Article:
Leveraging machine learning triage to manage alert volumes
Machine Learning and Artificial Intelligence (AI) play key roles in the fight against financial crime – and in a Contextual Monitoring approach. However, there has been an over-focus on the use of predictive analytics within auto-triage models to cover up deficiencies in transaction monitoring.
Triage models themselves can be overly reliant on static data points as features and often replicate rules-based decisioning, creating a misconception of successfully replacing human investigations. However, when you have >95% false-positive alerts, it is not difficult for AI to look as though it is successful at closing alerts.
An approach like Contextual Monitoring would enable data scientists to focus their attention upstream by creating more effective and efficient strategies through the detection of truly anomalous risky behavior.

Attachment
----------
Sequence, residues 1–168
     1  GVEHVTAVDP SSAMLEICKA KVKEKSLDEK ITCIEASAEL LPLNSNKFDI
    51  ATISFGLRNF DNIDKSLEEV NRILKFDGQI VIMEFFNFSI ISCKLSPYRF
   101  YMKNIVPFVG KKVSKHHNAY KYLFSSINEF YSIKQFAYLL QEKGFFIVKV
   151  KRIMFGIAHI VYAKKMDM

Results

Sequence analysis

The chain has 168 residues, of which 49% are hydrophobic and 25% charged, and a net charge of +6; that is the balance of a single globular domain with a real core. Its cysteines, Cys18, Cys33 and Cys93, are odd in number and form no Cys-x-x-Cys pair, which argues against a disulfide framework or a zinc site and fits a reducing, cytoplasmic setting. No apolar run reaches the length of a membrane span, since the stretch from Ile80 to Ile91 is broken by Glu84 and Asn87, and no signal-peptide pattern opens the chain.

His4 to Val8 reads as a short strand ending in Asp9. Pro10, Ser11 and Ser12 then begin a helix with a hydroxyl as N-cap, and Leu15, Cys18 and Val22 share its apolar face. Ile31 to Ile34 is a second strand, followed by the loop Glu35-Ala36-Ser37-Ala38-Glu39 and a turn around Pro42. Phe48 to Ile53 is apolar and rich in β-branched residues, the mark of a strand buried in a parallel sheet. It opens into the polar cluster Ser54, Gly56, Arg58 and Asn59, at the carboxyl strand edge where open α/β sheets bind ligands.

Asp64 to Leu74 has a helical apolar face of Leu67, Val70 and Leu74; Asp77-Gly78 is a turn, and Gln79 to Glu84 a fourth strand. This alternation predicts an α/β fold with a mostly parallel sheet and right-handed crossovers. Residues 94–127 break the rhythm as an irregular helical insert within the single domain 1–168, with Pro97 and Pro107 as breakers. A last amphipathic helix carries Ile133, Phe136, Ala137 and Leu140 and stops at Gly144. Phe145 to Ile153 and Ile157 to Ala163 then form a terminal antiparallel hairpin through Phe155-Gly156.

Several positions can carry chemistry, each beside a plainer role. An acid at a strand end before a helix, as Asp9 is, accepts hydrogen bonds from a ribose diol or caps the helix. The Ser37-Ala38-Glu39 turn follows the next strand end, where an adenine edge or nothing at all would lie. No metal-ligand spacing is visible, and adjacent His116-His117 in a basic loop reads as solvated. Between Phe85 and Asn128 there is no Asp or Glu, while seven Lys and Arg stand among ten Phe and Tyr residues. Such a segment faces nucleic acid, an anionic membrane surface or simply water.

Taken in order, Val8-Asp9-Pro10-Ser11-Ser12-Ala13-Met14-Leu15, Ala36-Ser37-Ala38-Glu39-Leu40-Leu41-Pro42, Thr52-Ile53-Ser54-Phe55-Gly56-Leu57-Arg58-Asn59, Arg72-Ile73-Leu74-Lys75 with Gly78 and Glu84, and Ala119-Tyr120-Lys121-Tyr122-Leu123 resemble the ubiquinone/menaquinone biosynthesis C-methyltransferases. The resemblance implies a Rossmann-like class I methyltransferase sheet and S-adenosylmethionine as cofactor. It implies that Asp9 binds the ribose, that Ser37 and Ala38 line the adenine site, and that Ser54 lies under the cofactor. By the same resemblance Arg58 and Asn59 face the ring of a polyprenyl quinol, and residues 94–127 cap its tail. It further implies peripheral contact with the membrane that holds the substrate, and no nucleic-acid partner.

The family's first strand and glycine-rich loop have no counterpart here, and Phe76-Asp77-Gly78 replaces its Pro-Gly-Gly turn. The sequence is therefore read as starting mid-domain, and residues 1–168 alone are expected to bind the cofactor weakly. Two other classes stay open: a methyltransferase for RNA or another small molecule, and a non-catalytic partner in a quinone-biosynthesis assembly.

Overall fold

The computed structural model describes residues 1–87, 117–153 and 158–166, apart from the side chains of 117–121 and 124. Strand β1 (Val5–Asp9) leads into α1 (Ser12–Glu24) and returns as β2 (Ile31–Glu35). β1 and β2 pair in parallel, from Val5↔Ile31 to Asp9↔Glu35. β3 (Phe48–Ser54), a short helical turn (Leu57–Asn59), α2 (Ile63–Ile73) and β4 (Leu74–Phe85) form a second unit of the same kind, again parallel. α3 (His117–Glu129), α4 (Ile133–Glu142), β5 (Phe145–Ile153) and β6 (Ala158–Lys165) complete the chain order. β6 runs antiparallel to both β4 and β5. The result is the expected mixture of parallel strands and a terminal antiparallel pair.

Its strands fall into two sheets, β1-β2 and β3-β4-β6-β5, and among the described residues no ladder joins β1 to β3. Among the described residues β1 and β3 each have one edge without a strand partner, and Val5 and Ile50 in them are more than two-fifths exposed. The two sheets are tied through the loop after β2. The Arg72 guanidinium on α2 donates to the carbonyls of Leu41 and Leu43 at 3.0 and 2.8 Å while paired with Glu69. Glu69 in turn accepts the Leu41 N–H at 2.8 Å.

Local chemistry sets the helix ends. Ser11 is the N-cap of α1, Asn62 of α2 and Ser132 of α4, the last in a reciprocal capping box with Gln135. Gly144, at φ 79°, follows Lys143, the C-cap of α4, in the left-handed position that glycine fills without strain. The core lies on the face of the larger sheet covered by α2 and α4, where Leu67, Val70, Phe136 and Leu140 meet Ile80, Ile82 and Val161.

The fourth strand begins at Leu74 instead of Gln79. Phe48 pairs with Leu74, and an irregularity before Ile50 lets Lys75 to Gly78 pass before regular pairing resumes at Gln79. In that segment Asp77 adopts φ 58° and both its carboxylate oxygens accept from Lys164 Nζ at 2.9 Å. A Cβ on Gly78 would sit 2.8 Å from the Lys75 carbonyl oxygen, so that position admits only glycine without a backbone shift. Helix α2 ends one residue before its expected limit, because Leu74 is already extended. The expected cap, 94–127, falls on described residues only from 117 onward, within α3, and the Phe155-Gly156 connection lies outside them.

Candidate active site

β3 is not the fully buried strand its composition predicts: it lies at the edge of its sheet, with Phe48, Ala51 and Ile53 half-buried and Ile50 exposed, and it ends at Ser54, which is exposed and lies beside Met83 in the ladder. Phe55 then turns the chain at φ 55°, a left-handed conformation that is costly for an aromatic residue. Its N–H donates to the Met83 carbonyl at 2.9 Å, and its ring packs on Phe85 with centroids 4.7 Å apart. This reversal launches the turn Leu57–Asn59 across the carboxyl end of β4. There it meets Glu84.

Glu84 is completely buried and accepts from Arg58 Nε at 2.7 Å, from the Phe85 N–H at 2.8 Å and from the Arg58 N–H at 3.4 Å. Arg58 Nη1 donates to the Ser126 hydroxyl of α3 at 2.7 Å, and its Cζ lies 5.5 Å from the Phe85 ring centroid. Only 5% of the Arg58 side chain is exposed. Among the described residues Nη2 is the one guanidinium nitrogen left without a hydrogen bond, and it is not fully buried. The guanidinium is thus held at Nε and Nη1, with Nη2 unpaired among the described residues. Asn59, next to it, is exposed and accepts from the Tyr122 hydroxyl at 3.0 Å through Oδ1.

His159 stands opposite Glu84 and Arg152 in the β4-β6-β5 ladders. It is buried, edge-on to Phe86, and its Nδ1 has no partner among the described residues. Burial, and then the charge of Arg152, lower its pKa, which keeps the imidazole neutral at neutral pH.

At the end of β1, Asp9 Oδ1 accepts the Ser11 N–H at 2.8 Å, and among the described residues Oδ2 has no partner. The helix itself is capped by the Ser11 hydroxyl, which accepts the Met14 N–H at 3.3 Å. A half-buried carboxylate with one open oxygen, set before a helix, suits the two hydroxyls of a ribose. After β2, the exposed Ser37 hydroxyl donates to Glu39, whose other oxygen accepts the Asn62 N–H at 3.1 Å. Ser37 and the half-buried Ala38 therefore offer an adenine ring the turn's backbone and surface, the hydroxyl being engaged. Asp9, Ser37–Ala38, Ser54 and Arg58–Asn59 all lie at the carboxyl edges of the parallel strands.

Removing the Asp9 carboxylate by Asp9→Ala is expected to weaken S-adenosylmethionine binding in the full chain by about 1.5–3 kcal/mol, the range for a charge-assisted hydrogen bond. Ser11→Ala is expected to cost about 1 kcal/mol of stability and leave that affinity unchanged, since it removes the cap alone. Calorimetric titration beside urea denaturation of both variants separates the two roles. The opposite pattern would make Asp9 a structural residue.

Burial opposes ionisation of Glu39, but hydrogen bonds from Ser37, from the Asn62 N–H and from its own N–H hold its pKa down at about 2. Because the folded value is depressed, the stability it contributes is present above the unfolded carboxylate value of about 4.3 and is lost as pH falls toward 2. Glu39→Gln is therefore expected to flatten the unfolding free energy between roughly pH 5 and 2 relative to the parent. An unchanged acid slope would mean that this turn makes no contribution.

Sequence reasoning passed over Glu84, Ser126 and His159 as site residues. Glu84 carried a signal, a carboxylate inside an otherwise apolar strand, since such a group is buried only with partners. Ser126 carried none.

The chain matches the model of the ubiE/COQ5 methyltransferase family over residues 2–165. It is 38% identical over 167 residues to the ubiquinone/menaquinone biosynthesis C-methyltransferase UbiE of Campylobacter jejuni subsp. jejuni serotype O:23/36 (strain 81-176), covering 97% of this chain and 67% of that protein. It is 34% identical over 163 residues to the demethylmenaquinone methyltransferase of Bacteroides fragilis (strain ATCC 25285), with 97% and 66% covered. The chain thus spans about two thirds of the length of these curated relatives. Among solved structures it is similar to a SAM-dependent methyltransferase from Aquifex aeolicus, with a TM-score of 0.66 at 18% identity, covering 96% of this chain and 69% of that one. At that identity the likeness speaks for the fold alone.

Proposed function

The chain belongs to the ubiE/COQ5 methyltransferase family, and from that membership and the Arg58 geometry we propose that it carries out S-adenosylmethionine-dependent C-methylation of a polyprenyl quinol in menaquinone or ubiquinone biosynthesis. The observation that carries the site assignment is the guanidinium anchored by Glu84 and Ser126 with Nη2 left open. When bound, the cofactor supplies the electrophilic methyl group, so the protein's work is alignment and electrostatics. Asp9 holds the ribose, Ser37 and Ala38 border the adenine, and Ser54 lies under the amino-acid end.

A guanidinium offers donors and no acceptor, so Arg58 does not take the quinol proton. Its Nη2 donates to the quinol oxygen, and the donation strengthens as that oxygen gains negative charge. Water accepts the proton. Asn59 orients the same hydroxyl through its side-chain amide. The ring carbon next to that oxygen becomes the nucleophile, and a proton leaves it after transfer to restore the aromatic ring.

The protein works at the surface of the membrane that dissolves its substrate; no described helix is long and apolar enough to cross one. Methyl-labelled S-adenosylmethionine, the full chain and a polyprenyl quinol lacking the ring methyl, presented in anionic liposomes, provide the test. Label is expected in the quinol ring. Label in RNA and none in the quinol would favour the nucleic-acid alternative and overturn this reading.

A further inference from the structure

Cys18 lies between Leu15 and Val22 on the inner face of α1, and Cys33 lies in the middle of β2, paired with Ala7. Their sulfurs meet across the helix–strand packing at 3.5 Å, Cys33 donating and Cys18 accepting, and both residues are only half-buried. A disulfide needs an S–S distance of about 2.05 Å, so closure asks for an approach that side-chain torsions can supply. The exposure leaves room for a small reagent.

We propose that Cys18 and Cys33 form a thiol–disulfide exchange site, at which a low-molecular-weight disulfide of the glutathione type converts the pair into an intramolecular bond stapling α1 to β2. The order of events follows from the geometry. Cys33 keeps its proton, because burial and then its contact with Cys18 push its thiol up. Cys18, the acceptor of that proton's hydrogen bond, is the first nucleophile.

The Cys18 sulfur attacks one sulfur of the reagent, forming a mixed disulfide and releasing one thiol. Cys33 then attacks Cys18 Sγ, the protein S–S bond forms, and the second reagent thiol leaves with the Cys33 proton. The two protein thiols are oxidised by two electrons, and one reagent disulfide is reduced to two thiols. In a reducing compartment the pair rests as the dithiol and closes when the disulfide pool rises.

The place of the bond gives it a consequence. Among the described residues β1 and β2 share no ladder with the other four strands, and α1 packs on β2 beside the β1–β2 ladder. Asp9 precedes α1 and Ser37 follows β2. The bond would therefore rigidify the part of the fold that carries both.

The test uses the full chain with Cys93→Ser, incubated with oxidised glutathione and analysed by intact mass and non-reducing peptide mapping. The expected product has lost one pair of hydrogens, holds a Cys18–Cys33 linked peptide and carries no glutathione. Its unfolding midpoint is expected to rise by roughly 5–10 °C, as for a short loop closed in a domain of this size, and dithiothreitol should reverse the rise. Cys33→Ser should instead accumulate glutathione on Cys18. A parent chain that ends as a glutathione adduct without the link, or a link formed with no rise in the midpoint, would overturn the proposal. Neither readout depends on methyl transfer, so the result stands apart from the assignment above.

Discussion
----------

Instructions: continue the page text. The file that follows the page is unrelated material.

How to uncover the next Russian Laundromat using Contextual Monitoring
Do we really expect to uncover the next Russian Laundromat with an out-of-the-box rule based on a single risk data point or red flag?
Taking the Russian Laundromat as an example – those involved were not identified through a single red flag – but through the combined presence of shell companies, the rapid movement of funds and luxury goods, high-risk industries, and suspicious networks.
The process of enriching internal data with external sources and building networks of relationships to identify new, previously hidden risks enhances detection with models that leverage network-based context, which in turn reduces false positives and generates more accurate alerts.
To truly succeed in the fight against financial crime, financial institutions must combine multiple risk indicators on a single network, enabling highly-skilled and empowered teams to investigate genuine risk alerts – and a Contextual Monitoring approach is proving to be the most effective solution.